Indie Comic Review: Ghost #1

Let’s get one thing straight. This is not a first issue. Last month Dark Horse published issue #0 of the series which collected the Ghost stories which previously appeared in several issues of Dark Horse Presents. This follows a pattern by Dark Horse of giving books a try-out in DHP, collecting the stories as zero-issue and then releasing a “first” issue which follows directly from the DHP stories. However, most people view zero issues as “add-ons” or unnecessary for the story (see all of what DC just did with their Zero Month). So, instead of starting with a zero issue, they will pick up the cover with a #1 on it and then decide from there if they want to go back and read the zero issue.

Unfortunately, Dark Horse treats all these issue #1′s as second issues, so people are missing out on the opening act of the story. I get that Dark Horse is worried about missing out on potential sales by telling people that the “first issue” of a series reprints older material. But giving us a #1 that is not a beginning is a bit disingenuous as well. I would suggest a double-sized first issue which contains the previously published material as well as the new content. That way everyone wins and no one is left out.

It would be a shame if someone missed out on Ghost, because this is one great comic!

The enigmatic Ghost, along with paranormal investigators Tommy and Vaughn, takes to the streets of Chicago in search of the crystal-powered machine that first conjured her, hoping to find clues to her mysterious past life. But the machine’s original owners have a deadly agenda of their own. Picking up right where Ghost #0 left off, Ghost #1 continues Kelly Sue DeConnick (Captain Marvel) and Phil Noto’s (Angel & Faith) reimagining of Dark Horse’s greatest heroine!

The “first” issue of Ghost adds layers and dimensions to the story which were missing in the zero issue.  First and foremost, Ghost speaks!  This opens the reader to an entire point of view which was missing in the previous issue.  Most interesting, it does not give the reader much more information about the mysterious figure.  But it does let the reader know that she does not know much more about the situation than anyone else.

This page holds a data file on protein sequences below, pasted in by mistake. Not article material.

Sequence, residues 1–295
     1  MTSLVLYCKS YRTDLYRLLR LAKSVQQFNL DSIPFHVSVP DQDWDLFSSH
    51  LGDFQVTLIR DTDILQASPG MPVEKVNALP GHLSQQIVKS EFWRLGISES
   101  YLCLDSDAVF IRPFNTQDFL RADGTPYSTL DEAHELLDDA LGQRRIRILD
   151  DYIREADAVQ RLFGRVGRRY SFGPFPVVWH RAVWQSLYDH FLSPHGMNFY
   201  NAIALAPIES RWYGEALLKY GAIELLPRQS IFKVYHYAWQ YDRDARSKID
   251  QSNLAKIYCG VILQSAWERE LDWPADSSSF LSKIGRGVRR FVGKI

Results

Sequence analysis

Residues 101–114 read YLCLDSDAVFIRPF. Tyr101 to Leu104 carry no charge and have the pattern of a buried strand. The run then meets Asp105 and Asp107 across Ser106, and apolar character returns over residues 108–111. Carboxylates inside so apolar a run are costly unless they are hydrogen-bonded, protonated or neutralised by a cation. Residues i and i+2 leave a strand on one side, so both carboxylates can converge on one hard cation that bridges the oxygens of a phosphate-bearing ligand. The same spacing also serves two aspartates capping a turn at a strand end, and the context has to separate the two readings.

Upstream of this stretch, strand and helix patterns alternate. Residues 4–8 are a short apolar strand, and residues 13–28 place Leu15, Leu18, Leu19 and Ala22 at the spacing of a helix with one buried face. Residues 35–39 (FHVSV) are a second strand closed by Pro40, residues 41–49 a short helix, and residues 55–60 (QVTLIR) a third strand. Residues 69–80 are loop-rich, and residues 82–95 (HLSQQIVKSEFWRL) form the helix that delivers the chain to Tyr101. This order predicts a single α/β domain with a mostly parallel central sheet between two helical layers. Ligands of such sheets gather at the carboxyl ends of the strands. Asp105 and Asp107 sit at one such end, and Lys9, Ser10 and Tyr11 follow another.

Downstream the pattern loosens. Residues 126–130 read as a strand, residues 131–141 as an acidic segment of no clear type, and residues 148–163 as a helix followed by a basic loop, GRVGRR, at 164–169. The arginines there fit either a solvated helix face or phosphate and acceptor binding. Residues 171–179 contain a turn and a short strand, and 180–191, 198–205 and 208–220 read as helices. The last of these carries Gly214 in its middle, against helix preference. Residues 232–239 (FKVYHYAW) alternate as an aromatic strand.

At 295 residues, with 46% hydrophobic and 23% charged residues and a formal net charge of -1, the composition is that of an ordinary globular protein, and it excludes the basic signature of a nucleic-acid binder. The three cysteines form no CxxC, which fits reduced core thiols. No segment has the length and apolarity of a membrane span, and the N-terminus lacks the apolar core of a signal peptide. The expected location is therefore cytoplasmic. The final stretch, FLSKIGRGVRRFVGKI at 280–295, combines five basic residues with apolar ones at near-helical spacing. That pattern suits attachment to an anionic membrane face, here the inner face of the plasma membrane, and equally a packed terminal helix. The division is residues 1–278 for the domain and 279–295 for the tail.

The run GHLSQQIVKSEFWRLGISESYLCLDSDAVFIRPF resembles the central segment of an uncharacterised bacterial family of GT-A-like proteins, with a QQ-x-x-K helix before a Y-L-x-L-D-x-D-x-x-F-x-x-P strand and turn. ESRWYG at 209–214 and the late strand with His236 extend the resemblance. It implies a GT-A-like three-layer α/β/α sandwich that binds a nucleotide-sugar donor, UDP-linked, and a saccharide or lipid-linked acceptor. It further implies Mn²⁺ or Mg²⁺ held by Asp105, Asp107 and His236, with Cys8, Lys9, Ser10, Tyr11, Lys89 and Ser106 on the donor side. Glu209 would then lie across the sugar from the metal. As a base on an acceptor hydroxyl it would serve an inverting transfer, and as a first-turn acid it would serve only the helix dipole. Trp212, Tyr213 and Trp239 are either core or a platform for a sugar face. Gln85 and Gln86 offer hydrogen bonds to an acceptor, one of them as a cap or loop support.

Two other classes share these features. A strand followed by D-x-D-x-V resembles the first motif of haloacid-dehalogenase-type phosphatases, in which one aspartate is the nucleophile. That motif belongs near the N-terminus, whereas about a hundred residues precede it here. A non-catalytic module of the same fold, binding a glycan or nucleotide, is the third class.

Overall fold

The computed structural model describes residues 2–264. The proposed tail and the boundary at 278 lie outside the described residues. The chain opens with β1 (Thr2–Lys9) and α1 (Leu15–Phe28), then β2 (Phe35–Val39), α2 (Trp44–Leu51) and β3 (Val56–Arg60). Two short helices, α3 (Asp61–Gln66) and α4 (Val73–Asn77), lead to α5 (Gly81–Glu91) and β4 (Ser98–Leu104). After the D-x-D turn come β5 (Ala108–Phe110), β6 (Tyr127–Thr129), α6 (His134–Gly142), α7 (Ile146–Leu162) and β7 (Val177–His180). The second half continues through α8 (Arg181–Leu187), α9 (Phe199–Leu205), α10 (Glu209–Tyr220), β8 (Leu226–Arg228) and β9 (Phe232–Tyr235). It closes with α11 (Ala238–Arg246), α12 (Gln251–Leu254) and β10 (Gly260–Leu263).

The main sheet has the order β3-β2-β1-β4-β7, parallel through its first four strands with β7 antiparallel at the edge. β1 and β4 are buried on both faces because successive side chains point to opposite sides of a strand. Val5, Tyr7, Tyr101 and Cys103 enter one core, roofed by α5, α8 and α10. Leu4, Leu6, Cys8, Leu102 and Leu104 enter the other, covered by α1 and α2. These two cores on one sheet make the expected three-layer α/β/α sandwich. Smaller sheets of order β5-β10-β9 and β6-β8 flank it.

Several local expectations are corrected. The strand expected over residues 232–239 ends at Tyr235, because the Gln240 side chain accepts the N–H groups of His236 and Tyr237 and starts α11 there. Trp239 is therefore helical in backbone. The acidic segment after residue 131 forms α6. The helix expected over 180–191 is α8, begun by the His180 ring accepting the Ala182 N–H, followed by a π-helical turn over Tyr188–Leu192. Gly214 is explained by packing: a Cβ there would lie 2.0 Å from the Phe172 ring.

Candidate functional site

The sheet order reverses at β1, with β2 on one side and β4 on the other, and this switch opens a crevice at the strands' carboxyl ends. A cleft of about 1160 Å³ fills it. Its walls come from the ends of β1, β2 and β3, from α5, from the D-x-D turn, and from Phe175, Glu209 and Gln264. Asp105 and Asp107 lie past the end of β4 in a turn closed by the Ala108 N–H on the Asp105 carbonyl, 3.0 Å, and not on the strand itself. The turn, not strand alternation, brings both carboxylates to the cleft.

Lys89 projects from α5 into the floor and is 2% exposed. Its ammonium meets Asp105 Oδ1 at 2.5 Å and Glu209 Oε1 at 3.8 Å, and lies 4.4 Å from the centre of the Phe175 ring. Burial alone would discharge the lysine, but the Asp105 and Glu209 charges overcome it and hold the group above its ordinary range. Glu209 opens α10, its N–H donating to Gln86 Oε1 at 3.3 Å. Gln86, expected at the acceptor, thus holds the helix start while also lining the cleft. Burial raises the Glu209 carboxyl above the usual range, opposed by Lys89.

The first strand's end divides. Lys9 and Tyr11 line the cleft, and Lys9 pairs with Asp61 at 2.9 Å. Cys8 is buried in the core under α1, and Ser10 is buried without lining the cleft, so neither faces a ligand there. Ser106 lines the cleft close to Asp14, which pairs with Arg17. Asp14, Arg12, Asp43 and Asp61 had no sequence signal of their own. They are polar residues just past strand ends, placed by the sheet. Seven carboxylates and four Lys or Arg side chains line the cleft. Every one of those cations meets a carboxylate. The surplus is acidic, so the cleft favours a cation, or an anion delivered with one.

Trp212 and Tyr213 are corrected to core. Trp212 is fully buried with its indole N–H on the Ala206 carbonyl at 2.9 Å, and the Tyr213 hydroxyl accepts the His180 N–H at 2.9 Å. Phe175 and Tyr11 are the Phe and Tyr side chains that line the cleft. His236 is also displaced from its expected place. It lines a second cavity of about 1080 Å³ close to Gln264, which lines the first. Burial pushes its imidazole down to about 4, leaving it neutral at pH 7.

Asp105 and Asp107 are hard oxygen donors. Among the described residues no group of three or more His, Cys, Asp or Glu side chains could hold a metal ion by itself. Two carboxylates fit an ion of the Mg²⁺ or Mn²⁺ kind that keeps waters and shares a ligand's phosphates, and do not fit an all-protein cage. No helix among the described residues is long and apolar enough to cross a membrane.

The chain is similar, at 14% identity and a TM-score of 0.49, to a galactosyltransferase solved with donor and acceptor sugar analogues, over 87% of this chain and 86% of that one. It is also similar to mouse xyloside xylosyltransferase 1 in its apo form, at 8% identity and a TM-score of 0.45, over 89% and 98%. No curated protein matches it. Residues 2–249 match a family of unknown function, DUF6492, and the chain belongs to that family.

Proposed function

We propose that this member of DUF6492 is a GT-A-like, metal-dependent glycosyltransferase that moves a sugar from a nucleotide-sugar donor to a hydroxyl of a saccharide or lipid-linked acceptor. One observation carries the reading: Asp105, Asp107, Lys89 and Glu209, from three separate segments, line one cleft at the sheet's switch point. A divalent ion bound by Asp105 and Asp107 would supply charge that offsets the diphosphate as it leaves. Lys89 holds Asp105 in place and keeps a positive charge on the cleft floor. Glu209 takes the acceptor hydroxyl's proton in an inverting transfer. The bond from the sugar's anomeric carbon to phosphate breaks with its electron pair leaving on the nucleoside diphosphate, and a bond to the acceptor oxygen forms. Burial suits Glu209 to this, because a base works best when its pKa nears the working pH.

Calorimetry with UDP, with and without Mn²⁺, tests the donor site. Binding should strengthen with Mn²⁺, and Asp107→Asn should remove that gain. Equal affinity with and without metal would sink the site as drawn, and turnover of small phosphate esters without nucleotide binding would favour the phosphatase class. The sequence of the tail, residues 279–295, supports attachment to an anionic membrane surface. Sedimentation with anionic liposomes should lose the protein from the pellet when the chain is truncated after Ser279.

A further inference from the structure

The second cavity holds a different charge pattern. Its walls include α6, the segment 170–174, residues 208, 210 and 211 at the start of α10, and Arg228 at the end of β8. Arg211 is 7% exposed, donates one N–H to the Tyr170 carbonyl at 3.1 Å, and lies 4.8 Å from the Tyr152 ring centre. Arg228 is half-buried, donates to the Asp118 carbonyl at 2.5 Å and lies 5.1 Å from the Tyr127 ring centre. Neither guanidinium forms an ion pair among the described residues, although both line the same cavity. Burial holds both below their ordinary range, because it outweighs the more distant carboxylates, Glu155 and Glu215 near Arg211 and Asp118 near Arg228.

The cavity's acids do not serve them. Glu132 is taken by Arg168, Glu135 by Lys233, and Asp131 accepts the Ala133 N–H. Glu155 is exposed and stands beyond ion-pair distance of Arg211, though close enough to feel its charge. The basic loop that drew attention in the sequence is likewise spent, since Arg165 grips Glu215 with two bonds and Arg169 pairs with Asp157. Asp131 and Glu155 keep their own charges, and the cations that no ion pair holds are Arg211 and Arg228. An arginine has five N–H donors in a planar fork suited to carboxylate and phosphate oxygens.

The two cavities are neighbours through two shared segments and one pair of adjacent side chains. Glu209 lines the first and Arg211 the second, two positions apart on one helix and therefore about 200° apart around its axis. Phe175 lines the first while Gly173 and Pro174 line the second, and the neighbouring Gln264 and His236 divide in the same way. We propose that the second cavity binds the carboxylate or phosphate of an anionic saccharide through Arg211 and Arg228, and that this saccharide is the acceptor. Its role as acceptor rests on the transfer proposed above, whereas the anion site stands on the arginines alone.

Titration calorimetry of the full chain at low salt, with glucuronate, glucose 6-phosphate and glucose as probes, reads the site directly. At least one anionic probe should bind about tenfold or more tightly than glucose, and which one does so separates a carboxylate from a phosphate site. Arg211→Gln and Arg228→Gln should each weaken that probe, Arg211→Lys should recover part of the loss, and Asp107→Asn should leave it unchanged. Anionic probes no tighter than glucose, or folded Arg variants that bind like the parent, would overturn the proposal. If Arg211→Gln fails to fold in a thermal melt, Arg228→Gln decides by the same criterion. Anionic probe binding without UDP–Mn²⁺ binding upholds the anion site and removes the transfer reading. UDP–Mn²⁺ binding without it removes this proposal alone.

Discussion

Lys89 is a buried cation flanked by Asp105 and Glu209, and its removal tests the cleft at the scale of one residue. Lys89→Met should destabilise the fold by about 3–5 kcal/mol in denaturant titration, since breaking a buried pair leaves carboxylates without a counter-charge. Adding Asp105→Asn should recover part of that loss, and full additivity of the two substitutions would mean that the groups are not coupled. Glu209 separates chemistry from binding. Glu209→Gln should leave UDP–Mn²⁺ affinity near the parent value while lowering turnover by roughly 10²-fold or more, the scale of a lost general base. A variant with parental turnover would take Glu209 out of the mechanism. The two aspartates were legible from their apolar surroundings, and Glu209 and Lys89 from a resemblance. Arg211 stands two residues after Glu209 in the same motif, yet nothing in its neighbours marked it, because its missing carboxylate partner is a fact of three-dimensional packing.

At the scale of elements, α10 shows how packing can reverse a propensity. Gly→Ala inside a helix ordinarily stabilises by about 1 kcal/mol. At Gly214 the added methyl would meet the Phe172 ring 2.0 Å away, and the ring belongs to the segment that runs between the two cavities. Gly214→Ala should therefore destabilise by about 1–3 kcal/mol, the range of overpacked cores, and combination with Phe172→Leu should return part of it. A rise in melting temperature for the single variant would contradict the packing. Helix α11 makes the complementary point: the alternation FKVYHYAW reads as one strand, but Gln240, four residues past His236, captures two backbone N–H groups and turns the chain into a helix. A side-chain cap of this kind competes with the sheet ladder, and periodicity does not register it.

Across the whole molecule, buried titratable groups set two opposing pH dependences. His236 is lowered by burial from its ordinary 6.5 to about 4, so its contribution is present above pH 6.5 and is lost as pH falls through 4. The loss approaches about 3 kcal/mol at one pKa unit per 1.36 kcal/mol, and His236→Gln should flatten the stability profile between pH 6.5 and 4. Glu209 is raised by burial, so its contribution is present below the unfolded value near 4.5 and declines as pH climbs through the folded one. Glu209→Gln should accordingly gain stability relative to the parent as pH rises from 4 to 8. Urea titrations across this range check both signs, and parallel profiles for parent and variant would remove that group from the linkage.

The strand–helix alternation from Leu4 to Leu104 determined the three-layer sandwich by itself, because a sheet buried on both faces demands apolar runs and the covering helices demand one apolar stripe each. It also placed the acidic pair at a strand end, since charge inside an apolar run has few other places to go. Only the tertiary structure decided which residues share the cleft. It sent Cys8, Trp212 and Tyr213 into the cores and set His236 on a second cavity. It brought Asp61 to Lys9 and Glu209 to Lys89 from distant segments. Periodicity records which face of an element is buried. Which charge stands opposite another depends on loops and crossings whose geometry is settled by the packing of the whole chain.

There are some interesting tidbits dropped in the book surrounding Ghost’s identity.   Most of these are done in a clever manner, including a particularly neat moment involving a cup of coffee and a pack of sweetener.  It is moments like that which move the plot forward but also reveal character.  Writer Kelly Sue DeConnick is knocking it out of the park with those quiet moments.   She realizes that the real power of ghost stories is in the telling , not in the reveal.  As such, she is reveling in the telling of the story and the layering of the details and is avoiding giving the reader too much too soon.

One niggling plot point from the zero issue, the mysterious box which brought Ghost into our world, was expanded upon in this issue.  DeConnick manages to make the box make sense in the context of the story and uses it as a device for revealing additional plot points and character traits.  Much like a treasure hunt, there are  more mysteries to discover.

Phil Noto’s work is just as strong in this issue as before.  His angular looks for the normal humans contrasts with the graceful lines of Ghost.   Add to that his mastery of body language, and you have a book which could practically be read simply by looking at the pictures.

Ghost #1 is available now.  But, be sure to pick up issue #0 as well so you have the whole story!

Check out a 6 page preview (that’s 25% of the book!) here.

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